This leads to an insidious, emergent problem: layer coupling. Without proper maintenance, the layers start to “slip” and converge on finding a central commonality of defect. This “couples” them, severely reducing your scope of coverage. This is a known problem in safety engineering and one reason why systems-oriented approaches like STAMP are gradually replacing swiss cheese models.
Now, here’s the difference between advocating DiD and advocating extremism. Extremism believes everything is flawed except $THING, DiD believes everything is flawed including DiD. We do defense in depth because the benefits are bigger than the drawbacks. Coupling and cohesion are things we accept we will have to deal with, not things we pretend don’t exist.
And we know DiD works because everybody successful already does it. Even if they don’t know they are, even if they haven’t built out a theory of what it looks like. If we did it more consciously, we could see even bigger benefits.
One such benefit: each layer gives feedback to the other layers. Imagine we have two layers, tests and code review. Bug X is caught by code review but not tests. Fair enough, bug X would have slipped into prod without DiD, all good so far.
But wait! Now that we caught X, we can ask “is this normal”? Should we have expected X to slip by our tests? Maybe it’s something too subtle, such that changing our practices to catch it would be a poor use of resources. Maybe it’s an off-by-one error we really should have caught, and we should figure out how to write more comprehensive tests. If we had more than two layers, we could see how many layers would have caught the bug, giving us a better sense of our coupling and independence.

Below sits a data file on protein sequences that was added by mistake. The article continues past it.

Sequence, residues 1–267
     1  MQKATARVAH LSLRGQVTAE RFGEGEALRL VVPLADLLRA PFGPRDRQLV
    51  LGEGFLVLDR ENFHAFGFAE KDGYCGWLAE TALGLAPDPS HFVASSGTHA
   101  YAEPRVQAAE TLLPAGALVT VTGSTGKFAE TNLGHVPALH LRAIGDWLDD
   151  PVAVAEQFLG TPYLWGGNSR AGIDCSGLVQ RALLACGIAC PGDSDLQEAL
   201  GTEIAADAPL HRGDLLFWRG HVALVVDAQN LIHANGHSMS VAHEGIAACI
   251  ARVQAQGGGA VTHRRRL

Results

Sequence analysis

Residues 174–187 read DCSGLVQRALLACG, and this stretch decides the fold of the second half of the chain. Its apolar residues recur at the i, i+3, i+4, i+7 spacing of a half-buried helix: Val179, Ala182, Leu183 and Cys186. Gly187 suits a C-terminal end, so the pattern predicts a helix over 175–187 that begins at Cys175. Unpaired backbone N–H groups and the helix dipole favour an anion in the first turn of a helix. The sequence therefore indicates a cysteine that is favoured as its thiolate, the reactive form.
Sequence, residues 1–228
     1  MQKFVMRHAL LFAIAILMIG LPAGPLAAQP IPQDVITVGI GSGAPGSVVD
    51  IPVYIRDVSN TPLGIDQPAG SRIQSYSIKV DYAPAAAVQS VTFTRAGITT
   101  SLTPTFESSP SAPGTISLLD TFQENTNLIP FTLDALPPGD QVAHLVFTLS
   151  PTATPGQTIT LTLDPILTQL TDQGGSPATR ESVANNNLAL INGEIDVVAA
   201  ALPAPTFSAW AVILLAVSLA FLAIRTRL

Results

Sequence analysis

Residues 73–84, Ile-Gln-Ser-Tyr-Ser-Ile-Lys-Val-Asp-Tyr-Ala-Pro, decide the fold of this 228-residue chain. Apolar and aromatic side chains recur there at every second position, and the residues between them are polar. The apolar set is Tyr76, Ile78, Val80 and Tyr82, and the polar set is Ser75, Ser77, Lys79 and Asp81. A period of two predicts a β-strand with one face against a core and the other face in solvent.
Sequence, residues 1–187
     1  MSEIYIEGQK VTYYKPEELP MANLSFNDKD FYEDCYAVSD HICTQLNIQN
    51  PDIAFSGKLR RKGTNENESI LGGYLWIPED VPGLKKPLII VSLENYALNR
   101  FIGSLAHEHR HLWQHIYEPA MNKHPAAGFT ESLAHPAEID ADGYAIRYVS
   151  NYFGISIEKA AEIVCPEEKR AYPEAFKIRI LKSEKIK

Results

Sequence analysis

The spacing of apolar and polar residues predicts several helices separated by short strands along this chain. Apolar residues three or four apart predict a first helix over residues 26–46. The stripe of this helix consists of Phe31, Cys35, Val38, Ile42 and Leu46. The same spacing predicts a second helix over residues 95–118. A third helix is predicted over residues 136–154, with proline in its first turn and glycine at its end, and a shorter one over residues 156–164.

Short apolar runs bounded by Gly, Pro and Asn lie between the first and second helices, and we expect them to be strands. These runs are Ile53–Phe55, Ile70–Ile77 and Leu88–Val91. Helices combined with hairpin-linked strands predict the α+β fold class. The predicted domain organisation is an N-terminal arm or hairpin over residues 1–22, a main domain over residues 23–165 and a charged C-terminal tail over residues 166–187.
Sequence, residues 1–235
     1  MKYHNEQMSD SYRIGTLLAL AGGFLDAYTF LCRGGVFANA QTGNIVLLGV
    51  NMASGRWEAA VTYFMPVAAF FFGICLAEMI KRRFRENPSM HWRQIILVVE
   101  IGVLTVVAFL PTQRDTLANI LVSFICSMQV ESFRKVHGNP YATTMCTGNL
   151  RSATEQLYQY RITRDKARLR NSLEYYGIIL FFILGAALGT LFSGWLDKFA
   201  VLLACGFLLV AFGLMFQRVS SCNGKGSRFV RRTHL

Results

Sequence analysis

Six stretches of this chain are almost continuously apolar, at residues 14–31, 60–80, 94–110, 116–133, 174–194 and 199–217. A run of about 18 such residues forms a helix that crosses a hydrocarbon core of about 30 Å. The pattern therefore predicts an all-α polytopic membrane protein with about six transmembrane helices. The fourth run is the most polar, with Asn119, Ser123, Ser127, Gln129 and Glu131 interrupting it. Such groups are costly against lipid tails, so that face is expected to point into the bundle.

And that benefit answers Allen’s followup question:
I’m asking why the teams are not finding the problems that an after-the-fact QA org finds. What’s wrong with the team’s process that bugs leak out?
Because you need to know what slips through to know what’s wrong with the process. Without that information you don’t have anything to feed back into the other layers! That alone makes after-the-fact QA useful to our DiD efforts.
(The other answer is “who the hell thinks you can consistently deliver bug-free software?” Even formal methods people don’t think that!)
Okay I promised a bonus tech newsletter this week and that was it, hope you enjoyed a++ goodbye now